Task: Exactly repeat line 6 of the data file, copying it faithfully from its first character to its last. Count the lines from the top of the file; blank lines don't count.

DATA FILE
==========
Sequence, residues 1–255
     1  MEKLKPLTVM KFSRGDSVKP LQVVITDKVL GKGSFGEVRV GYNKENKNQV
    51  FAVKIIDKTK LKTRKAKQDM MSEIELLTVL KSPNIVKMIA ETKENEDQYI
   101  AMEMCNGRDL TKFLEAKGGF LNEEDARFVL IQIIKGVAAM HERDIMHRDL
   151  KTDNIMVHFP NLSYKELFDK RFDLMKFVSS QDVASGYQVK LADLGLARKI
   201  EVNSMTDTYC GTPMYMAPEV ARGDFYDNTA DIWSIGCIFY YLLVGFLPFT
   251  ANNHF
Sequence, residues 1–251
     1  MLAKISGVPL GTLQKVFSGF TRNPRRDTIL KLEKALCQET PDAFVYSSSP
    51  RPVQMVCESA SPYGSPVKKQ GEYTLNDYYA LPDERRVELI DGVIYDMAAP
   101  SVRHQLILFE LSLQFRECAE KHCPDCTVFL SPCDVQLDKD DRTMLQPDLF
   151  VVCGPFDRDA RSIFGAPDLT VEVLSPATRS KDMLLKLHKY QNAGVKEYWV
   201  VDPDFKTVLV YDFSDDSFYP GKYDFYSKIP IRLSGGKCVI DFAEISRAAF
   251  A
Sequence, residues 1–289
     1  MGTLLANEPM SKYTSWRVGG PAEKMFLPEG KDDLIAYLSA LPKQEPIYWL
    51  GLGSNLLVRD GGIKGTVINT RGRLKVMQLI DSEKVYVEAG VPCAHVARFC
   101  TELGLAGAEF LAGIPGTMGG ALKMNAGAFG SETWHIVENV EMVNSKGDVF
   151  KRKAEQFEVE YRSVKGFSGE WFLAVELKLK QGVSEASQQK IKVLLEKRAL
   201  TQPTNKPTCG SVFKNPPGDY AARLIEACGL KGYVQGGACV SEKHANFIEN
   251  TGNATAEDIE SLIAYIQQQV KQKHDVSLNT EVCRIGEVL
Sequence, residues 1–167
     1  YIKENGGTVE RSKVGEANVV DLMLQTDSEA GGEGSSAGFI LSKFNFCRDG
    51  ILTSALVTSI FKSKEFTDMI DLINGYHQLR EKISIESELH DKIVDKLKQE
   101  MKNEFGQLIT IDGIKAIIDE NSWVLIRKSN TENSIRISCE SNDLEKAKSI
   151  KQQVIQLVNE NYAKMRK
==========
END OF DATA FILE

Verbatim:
   201  EVNSMTDTYC GTPMYMAPEV ARGDFYDNTA DIWSIGCIFY YLLVGFLPFT